THE PRESIDENT: I do. I think, Doctor, it’s a very good thing. And Governor Newsom and I have been getting along really great. We’re sending the ship — the great hospital ship, as you know.
And we are doing very well with, I think, almost all of the governors. For the most part, it really has become something. It’s — it’s — we’re dealing almost every day. We’re speaking to each other, whether it’s conference calls. Usually we’ll have 50 governors on the call at the same time.
No, I think we’re doing very well. But, you know, it’s a two-way street. They have to treat us well also. They can’t say, “Oh gee, we should get this, we should get that.” We’re doing a great job, like in New York, where we’re building, as I said, four hospitals, four medic — we’re literally building hospitals and medical centers. And then I hear that, you know, there’s a problem with ventilators. Well, we sent them ventilators. And they could have had 15- or 16,000; all they had to do is order them two years ago. But they decided not to do it. They can’t blame us for that.
Although Trump mentioned ventilators in his response, he said nothing about masks, nor did he address state governors and rhetorically ask them, “You want ventilators and masks from the federal government’s reserves to treat your citizens?” That sentence was someone else’s attempt to provide implied context for the sentence that followed it in the meme, but it was misleadingly placed inside quotation marks as if it were something Trump had literally said.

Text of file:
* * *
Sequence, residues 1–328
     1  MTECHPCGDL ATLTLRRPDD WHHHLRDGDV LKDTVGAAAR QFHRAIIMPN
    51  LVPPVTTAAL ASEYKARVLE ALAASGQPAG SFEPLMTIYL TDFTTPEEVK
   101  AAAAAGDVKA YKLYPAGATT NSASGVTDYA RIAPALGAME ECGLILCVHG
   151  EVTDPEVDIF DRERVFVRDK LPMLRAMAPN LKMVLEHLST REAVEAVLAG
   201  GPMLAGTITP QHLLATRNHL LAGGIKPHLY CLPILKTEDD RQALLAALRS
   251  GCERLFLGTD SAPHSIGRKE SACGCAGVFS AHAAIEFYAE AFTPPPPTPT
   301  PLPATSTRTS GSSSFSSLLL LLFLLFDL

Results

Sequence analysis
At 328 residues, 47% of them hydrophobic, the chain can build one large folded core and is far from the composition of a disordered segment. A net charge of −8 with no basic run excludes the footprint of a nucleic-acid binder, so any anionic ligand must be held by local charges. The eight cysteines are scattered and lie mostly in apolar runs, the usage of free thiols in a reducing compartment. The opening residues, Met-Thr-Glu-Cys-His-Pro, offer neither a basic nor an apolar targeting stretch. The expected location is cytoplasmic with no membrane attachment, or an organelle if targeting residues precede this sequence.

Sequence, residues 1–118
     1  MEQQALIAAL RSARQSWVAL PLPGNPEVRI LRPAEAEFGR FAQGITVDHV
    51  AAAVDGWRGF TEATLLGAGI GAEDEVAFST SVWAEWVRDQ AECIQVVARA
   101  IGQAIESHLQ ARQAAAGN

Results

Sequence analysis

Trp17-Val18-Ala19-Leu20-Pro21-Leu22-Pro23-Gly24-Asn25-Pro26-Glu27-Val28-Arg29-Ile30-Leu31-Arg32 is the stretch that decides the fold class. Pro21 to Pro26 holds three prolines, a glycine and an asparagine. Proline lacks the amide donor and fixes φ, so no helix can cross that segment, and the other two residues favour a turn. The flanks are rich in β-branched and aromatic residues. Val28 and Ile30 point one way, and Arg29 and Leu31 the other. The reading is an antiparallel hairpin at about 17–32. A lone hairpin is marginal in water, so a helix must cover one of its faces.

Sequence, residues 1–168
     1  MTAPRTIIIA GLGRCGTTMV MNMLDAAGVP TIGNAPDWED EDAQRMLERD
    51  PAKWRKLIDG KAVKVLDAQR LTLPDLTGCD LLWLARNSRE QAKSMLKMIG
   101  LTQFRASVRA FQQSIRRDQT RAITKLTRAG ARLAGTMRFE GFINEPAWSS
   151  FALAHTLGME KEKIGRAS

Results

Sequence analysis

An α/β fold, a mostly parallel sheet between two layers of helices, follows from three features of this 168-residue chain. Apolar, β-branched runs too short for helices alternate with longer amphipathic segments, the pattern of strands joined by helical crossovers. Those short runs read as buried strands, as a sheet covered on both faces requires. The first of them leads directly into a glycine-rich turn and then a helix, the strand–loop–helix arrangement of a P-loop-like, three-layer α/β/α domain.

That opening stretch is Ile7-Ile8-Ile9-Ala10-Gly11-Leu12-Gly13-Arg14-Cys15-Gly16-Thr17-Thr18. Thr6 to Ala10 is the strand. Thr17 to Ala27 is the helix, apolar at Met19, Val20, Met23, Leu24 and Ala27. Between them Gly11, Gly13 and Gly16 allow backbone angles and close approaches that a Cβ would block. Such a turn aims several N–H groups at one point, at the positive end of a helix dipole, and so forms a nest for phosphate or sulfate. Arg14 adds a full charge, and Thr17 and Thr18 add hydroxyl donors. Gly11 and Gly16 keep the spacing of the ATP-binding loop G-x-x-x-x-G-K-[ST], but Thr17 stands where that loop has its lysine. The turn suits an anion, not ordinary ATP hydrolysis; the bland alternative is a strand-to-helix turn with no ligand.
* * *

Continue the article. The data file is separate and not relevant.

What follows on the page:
Also, in his response, Trump did not say that governors (or anyone else) “have to treat me well.” As documented in the above transcript and the following video clip, Trump asserted that “they have to treat us well”:
On Governors asking for help, Trump says, "It's a two way street they have to treat us well too." …. (realized i had wrong clip before) pic.twitter.com/gXM83TCUZR
— Josh Marshall (@joshtpm) March 24, 2020
Viewers could reasonably infer that the pronoun “they” referred to governors, but the referent for the “us” who needed to be treated well in Trump’s mind was somewhat ambiguous. Was he referring to the federal government? To his administration? To the coronavirus task force? Or to himself personally (via the royal we)?